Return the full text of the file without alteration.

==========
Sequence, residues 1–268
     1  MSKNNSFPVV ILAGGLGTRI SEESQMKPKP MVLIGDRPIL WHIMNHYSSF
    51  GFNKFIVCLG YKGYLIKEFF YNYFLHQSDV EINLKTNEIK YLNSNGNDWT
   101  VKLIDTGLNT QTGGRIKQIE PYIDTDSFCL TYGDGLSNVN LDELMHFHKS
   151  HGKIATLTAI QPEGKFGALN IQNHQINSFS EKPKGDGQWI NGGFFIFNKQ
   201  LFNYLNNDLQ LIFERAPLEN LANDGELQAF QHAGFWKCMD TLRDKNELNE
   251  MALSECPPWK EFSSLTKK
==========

Sequence, residues 1–268
     1  MSKNNSFPVV ILAGGLGTRI SEESQMKPKP MVLIGDRPIL WHIMNHYSSF
    51  GFNKFIVCLG YKGYLIKEFF YNYFLHQSDV EINLKTNEIK YLNSNGNDWT
   101  VKLIDTGLNT QTGGRIKQIE PYIDTDSFCL TYGDGLSNVN LDELMHFHKS
   151  HGKIATLTAI QPEGKFGALN IQNHQINSFS EKPKGDGQWI NGGFFIFNKQ
   201  LFNYLNNDLQ LIFERAPLEN LANDGELQAF QHAGFWKCMD TLRDKNELNE
   251  MALSECPPWK EFSSLTKK